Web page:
Gorreti Odama is one of the resilient women that CREEC has had the opportunity to work with since 2018 on capacity building for briquette making. She contacted us this March while advertising her first exhibition for her briquetting business where she would be selling briquettes of different sizes at a local supermarket in Luzira, Uganda. Ajambo Flavia from CREEC visited this exhibition and shares her experience with Goreti.

Goreti and her colleagues during the technical training on briquette making by CREEC

On reaching the supermarket, Gorreti was very delighted to see me. She had a big smile on her face although she could not directly address me as she tended to a potential client. As the client left with a black kaveera with approximately one kilogram of briquettes, Gorreti then walk towards me and greeted me excitedly. She narrated to me the progress of the exhibition and I was happy to hear that she had managed to sell over 25kg of briquettes and was also waiting on an individual who was coming back to collect an order of 10kgs. This reminded us of the time that we first met.

In July 2018, CREEC was fortunate to meet Gorreti Odama. Her story was interesting right from the beginning. She had narrated that she one time found herself in a situation where she did not have charcoal to make food for her and her family. As a stay at home mother of two her situation led her to think creatively and start looking for charcoal dust which she figured she would mix together with maize flour and make a fuel to cook. She eventually shared the same knowledge with her neighbors and attracted the women in her neighborhood to pick a leaf from her. But much as she could cook with the briquettes, their efficiency was still very low and she therefore couldn’t market them to potential clients which she so desired.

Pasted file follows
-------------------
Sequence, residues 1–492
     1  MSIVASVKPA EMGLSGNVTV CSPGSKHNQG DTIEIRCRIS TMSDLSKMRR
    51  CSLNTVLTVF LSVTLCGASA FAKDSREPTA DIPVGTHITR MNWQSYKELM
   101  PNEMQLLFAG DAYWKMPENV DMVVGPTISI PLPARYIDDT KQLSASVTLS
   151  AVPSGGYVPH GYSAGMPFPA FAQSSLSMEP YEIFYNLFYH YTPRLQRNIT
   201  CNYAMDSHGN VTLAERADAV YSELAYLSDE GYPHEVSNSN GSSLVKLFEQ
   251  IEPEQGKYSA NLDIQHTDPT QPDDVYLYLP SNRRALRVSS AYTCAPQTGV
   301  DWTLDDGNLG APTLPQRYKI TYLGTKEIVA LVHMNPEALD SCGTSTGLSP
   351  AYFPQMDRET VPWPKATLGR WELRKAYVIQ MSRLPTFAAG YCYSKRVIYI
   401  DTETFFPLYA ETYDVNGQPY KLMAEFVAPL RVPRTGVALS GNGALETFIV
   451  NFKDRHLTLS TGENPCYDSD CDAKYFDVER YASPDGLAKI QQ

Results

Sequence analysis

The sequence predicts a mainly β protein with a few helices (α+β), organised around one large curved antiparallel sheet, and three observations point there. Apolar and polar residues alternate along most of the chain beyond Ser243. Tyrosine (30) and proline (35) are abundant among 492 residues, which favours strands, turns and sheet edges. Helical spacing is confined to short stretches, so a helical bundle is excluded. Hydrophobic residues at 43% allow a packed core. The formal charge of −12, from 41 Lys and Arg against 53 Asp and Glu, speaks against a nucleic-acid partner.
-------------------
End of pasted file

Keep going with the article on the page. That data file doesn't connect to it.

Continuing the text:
When CREEC met Goreti, she explained her process and the team carried out a needs analysis that eventually showed that Gorreti needed technical training on how to make briquettes as well as training on business development. Gorreti has since learnt how to make briquettes which she sells off to neighbors’ and also delivers to customers in far off areas. Interestingly, she also teaches her customers to make briquettes such that if she does not have enough to supply them they can be in position to make for their own consumption. This also works to her advantage in that whenever she has large orders she has already recruited a chain of suppliers from whom she can source from. Goreti is one example of the resilience of women and their willingness to transform their circumstances. She never neglects an opportunity to learn and while we spoke about celebrating women she encourages the women out there to do the same.

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